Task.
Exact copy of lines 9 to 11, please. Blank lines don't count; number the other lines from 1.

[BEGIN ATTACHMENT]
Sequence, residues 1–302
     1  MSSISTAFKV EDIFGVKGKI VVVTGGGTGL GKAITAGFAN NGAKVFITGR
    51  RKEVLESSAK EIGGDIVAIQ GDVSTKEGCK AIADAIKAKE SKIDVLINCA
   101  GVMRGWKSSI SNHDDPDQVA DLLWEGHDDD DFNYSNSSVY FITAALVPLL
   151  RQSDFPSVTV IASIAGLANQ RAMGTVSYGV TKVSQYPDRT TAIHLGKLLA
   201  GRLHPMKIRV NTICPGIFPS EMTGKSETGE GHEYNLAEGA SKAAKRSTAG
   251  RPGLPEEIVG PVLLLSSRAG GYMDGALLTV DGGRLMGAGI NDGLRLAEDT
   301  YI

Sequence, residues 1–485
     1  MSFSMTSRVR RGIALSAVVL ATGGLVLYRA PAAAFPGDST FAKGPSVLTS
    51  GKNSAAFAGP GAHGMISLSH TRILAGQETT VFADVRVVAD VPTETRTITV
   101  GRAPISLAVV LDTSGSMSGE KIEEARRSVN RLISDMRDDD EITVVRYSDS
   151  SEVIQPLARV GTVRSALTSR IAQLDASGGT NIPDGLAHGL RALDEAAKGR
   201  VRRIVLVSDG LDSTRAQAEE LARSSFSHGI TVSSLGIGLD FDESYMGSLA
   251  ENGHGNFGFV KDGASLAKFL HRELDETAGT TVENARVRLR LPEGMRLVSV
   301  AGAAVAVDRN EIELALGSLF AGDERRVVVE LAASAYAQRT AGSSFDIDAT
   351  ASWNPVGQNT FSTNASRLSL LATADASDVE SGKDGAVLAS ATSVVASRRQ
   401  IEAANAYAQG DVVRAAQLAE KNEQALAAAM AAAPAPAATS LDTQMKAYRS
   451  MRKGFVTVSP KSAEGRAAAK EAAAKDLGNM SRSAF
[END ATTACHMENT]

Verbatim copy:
Sequence, residues 1–485
     1  MSFSMTSRVR RGIALSAVVL ATGGLVLYRA PAAAFPGDST FAKGPSVLTS
    51  GKNSAAFAGP GAHGMISLSH TRILAGQETT VFADVRVVAD VPTETRTITV